Complaints about ‘Irish Examiner’ campaign dismissed

The Irish Examiner billboard campaign
THE Advertising Standards Authority for Ireland has dismissed complaints that an Irish Examiner billboard campaign was “offensive and misleading”.

THE Advertising Standards Authority for Ireland has dismissed complaints that an Irish Examiner billboard campaign was “offensive and misleading”.

The billboard, which showed a picture of King John’s Castle with yellow ‘crime scene’ tape in front of it, provoked fury in the city in June.

Complaints to the ASAI that the billboard campaign was “perpetuating a stereotype of Limerick and its citizens which was inaccurate and misleading” were not upheld.

The Limerick Communications Office in particular complained that the billboard campaign, which ran across Munster and sought to highlight crime levels and statistics, was “irresponsible, ill-conceived and offensive”.

Kelly Moran of Limerick Communications Office said of the ad campaign; “It was disappointing it happened in the first place but our main focus is promoting the many positive features Limerick has to offer.”

In its decision, the ASAI said it “considered the detail of the complaints and the advertisers’ response”.

While they “understood the concerns expressed by the complainants from Limerick” they did not consider that the content of the posters could cause “grave or widespread offence.

Mayor of Limerick Cllr Kathleen Leddin said the “entire episode has turned out to be nothing more than a publicity coup for the Irish Examiner at the expense of Limerick’s reputation”.

“I believe the newspaper in question was confident it would attract significant public and media attention by placing the offending billboard outside the city’s train station,” she said of the original advertisement, which was torn down by members of the public after it was erected.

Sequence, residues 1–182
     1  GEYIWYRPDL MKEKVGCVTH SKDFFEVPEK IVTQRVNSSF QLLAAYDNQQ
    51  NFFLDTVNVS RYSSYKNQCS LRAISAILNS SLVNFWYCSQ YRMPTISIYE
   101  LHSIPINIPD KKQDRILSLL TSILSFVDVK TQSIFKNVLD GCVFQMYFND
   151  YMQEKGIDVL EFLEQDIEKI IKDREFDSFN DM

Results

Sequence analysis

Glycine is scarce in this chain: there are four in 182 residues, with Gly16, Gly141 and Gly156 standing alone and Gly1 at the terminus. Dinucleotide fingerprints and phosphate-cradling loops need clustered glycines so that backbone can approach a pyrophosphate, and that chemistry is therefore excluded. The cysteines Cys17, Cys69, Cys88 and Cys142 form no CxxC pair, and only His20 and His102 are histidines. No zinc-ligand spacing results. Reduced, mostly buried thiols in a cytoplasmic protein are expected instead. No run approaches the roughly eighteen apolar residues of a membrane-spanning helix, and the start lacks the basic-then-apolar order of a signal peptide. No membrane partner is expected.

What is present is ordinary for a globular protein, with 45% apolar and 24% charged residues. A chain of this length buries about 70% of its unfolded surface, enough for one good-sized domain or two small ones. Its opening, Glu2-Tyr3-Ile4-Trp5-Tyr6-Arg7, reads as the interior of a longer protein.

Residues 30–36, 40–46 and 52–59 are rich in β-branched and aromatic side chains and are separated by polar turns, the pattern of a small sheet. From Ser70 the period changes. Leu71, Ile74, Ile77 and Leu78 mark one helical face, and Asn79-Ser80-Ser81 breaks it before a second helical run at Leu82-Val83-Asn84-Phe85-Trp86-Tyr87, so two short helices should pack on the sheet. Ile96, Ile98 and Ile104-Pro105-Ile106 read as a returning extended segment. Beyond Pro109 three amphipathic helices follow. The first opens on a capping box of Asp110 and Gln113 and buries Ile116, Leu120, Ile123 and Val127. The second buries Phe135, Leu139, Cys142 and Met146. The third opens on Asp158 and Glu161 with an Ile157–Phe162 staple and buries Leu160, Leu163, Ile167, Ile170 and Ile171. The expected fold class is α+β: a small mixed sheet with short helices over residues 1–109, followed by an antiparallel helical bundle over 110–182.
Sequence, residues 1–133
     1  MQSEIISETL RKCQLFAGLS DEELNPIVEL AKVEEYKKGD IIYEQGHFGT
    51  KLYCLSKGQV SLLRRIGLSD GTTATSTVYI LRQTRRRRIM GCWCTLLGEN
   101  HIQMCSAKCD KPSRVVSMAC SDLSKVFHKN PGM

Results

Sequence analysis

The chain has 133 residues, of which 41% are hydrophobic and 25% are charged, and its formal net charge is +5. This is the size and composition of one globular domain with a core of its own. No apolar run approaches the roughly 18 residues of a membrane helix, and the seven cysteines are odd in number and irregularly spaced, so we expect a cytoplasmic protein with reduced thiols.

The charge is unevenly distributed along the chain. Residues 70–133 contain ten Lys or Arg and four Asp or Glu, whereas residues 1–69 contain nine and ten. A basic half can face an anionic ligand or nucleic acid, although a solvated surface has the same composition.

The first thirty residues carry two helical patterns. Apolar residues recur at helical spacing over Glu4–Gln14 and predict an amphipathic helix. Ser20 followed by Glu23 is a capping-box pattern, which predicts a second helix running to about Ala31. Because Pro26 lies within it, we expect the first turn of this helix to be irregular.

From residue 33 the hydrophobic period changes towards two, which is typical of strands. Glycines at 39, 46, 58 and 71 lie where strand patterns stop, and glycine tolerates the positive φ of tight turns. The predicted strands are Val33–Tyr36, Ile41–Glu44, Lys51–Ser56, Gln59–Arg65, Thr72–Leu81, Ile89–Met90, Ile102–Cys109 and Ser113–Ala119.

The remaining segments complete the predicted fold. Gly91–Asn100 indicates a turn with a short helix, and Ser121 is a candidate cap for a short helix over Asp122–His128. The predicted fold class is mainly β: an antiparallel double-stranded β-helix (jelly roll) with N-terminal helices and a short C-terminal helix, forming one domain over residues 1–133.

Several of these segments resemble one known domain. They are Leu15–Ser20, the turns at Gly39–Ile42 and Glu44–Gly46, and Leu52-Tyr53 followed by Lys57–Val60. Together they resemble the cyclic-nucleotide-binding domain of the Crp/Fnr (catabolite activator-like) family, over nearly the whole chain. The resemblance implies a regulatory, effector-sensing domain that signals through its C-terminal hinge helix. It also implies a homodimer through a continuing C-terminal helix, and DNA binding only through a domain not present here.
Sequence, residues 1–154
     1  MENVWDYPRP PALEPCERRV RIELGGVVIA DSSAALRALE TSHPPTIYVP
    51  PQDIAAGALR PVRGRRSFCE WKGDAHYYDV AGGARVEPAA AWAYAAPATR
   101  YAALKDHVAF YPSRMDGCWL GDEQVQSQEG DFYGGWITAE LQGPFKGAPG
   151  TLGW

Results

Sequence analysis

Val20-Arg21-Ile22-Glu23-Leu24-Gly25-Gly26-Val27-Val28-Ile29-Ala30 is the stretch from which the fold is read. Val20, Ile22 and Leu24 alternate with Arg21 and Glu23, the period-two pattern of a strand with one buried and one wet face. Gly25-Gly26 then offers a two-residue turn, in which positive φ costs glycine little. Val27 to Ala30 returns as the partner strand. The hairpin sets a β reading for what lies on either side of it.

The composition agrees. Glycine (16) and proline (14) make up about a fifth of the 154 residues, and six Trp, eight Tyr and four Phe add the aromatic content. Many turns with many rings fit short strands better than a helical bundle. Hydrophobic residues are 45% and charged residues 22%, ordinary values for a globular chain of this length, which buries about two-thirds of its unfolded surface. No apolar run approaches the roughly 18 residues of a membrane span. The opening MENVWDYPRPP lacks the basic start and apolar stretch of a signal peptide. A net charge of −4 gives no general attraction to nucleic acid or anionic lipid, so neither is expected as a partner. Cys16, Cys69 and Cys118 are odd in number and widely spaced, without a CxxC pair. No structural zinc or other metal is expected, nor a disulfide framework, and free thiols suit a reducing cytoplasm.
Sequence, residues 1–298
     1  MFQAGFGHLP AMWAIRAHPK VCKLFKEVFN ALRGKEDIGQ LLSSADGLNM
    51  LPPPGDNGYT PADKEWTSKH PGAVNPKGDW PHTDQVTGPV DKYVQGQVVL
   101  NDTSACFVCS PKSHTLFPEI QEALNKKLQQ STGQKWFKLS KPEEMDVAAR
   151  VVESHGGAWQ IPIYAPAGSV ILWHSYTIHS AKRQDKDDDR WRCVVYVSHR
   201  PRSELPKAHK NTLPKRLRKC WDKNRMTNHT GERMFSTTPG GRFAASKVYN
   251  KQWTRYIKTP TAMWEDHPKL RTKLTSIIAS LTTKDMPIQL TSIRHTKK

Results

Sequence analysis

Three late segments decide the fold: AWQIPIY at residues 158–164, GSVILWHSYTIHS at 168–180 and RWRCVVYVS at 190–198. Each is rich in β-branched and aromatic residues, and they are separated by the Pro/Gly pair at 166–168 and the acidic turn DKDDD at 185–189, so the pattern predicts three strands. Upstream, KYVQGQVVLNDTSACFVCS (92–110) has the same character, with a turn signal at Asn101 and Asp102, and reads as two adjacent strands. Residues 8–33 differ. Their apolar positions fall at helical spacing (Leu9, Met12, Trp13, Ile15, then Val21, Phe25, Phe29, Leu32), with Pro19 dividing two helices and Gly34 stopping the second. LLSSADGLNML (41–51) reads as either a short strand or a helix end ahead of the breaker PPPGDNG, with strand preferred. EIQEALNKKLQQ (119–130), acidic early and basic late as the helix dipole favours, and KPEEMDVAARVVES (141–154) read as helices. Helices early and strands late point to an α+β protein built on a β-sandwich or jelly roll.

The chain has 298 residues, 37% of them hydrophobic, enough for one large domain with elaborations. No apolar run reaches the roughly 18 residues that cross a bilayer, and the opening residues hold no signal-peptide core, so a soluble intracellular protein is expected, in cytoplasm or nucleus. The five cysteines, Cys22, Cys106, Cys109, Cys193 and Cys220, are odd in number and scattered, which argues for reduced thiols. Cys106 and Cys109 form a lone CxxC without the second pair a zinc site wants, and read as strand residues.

“The fact that similar billboards were erected in surrounding counties means little to tourists who disembarked at Colbert Station only to see police tape and references to ‘crime’ covering an image of the iconic King John’s Castle.

“I can think of many less offensive ways that the newspaper could have opted for in promoting their crime supplements and therefore, I am disappointed that management at the paper chose self promotion over the reputation of Limerick.

“Having said that, the Advertising Standards of Ireland has deemed that the billboard did not cause grave or widespread offence. As such, this decision must be respected.”

Management in the newspaper expressed surprise at the reaction to the posters in Limerick at the time, stressing that Limerick was not the sole focus of the crime series and that they had highlighted this in a number of local and national radio interviews.

It added that because of the negative reaction, the poster campaign was halted prematurely and existing posters were covered over.

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